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Lung Cancer

Lung cancer is another type of cancer caused by exposure to asbestos. Unlike mesothelioma, which develops in the lining of the lung, lung cancer develops in the lung itself.

While the leading cause of lung cancer is smoking, exposure to asbestos can increase the risk of lung cancer for non-smokers and smokers alike. There is an increased likelihood of developing lung cancer when a person was a smoker and also was exposed to asbestos. This is known as a synergistic effect. There is evidence that smokers who were exposed to asbestos have a 50 to 90 times greater risk of developing lung cancer than non-smokers who never were exposed to asbestos. That said, even if you were a smoker, if you have been diagnosed with lung cancer and you were exposed to asbestos you may be entitled to compensation.

Lung cancer associated with exposure to asbestos is connected with approximately 6,000 deaths in the United States annually. Although the only known cause of mesothelioma is asbestos, there are far more asbestos-related lung cancers than there are cases of mesothelioma. In fact, lung cancer is the leading cause of death for all asbestos-related diseases.


Although it takes years to rear its head, lung cancer can and will spread (or metastasize) in a short period of time if not detected early. If you suspect you may have lung cancer there are a series of diagnostic tests that your doctor may use.

Imaging and Scans: X-rays can reveal masses or nodules on the lung, while a CT scan can reveal small lesions not always apparent on an X-ray.

Cytology: If you are experiencing a productive cough creating sputum, a sample of the sputum can be analyzed microscopically and can provide diagnostic information.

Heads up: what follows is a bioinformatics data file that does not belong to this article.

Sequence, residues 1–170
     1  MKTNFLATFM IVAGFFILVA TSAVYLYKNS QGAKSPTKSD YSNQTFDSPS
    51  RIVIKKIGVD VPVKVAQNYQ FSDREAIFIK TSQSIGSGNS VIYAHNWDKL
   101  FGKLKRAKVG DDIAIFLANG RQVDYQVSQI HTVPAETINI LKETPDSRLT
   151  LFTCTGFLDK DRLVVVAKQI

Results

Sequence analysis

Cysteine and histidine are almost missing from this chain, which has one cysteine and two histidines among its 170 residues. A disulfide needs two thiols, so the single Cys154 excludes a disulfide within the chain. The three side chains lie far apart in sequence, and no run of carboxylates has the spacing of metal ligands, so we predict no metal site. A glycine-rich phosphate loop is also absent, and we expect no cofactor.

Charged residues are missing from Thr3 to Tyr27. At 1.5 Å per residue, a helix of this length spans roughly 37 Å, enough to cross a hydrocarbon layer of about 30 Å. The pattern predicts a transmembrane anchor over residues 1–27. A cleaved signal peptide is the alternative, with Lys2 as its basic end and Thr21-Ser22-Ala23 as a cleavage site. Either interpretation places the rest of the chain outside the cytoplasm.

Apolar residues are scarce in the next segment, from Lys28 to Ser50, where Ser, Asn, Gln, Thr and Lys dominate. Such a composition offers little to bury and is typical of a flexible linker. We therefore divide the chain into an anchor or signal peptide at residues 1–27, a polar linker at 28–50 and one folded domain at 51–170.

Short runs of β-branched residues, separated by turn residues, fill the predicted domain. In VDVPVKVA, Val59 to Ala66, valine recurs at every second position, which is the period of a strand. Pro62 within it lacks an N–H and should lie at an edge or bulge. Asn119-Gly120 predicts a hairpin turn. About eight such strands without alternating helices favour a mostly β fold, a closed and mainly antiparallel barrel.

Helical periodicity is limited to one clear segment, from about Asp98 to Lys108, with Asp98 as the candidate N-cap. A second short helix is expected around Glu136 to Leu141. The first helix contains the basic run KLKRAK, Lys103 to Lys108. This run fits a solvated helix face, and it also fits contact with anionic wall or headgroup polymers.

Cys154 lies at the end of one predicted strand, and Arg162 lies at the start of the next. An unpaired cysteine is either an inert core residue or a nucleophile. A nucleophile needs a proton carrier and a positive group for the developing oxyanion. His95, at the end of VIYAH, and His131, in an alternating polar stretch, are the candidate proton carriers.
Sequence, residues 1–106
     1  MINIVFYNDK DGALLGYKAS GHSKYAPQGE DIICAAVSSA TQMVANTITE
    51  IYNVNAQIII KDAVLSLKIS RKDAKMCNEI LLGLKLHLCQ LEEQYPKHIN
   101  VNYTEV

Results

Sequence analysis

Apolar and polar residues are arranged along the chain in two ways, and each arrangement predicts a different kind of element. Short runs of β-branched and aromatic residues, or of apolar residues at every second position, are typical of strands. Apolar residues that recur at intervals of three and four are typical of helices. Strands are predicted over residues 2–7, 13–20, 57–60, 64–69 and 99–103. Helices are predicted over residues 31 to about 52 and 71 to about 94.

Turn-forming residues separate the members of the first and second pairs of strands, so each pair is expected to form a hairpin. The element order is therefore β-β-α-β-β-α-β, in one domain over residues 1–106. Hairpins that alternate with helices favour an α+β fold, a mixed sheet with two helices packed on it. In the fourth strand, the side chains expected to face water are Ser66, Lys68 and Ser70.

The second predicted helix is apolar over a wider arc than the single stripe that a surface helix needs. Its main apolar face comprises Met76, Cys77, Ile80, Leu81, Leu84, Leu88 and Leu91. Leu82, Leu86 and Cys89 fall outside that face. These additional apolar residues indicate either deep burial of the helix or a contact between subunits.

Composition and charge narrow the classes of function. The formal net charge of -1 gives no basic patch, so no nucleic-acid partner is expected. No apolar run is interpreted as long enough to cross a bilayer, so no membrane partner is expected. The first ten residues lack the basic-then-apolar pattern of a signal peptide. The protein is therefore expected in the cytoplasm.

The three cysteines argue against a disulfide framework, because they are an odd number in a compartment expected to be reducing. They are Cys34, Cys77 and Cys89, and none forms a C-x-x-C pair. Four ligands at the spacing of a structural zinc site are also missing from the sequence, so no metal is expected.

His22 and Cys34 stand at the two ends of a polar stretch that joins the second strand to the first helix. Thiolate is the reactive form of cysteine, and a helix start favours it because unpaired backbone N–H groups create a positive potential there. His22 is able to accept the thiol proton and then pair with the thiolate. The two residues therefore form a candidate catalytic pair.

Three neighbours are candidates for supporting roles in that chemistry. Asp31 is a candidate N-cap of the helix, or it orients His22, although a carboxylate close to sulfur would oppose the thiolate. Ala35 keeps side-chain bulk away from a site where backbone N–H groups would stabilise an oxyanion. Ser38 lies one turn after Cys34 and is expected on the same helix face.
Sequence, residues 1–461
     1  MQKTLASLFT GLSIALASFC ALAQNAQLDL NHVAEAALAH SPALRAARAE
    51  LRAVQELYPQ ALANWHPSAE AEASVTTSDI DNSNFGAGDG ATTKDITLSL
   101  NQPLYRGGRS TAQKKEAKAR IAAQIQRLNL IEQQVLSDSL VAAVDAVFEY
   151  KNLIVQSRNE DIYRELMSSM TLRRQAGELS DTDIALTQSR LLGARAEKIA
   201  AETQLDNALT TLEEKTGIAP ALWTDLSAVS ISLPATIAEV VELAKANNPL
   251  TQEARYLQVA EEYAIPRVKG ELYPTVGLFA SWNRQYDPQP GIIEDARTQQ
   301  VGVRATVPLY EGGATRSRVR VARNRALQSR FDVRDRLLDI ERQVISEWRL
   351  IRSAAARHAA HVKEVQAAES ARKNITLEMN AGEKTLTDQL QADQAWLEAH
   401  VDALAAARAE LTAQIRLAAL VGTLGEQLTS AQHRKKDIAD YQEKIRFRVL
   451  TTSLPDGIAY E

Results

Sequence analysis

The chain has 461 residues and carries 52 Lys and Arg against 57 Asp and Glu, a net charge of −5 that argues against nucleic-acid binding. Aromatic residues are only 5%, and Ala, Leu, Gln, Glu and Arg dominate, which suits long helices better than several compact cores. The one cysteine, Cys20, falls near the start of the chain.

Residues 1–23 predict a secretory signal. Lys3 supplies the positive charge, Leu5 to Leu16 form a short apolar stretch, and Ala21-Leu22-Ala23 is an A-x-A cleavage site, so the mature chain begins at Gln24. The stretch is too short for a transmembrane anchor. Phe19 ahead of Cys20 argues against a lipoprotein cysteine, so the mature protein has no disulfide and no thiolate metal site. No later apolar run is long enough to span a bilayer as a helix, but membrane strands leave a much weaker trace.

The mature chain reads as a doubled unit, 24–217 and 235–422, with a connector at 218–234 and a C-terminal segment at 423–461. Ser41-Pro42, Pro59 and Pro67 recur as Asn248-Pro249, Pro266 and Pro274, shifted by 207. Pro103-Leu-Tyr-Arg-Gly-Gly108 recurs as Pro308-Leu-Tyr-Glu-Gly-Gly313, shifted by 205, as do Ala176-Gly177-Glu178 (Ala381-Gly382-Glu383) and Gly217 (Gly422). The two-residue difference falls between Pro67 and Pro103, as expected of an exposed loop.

There are several ways your doctor may analyze abnormal lung tissue:

Bronchoscopy: This is a test that allows your doctor to see the inside of your airways. A lighted tube will be passed down your throat and into your lungs to view the abnormal area.

Mediastinoscopy: This is a procedure where an incision is made at the base of the neck so that surgical tools can be inserted to reach the mid-part of the chest where tissue samples can be taken for further analysis.

Needle Biopsy: This is a diagnostic procedure where your doctor may use an X-ray or CT scan to assist in guiding a needle through your chest wall into the lung to obtain tissue.

Analysis of the suspicious cells will then take place in a lab whereby a diagnosis will be determined. Specialized testing can provide information about specific and unique characteristics of your cells which will help determine your diagnosis and ultimately your treatment regimen.


  • Large Cell Carcinoma
  • Non-Small Cell Carcinoma
  • Adenocarcinoma
  • Squamous Cell Carcinoma
  • Large Cell Neuroendocrine Tumors
  • Small Cell Carcinoma


Treatments for lung cancer may range from surgery to chemotherapy, radiation, immunotherapy, or a combination of some of these.

Surgery usually entails the removal of the lung cancer along with a portion of healthy tissue. The amount of the lung that is removed during this procedure varies widely, based on the extent of the disease.

A “Wedge Resection” involves the removal of a small section of the lung.

A “Segmental Resection” removes more than that which is removed during a wedge resection, but less than a removal of an entire lobe.

A Lobectomy is the removal of the entire lobe of one lung.

A Pneumonectomy is the most extreme of the surgical procedures and entails the removal of an entire lung.

Chemotherapy is the use of a drug or combination of drugs to destroy the cancer cells. Some of these drugs can be administered intravenously while others can be taken orally. These drugs are taken on a specific schedule over the course of months with recovery periods built-in between treatments. More information on chemotherapy can be found by clicking here.

Radiation entails the use of high doses of radiation to shrink and/or destroy the cancer cells. Radiation is typically administered by a machine while you lie on a table; specific areas where the cancer is located are targeted. More information on radiation can be found by clicking here.

Immunotherapy: This is a type of treatment that uses your immune system to fight the cancer. It interferes with the way the body responds to cancer cells and is usually utilized when lung cancer has metastasized to other parts of the body.